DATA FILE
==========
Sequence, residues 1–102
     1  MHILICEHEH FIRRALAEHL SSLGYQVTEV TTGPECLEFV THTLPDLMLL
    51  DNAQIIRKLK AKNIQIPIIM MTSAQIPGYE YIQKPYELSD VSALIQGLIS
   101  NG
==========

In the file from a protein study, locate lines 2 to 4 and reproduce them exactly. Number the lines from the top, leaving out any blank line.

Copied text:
     1  MHILICEHEH FIRRALAEHL SSLGYQVTEV TTGPECLEFV THTLPDLMLL
    51  DNAQIIRKLK AKNIQIPIIM MTSAQIPGYE YIQKPYELSD VSALIQGLIS
   101  NG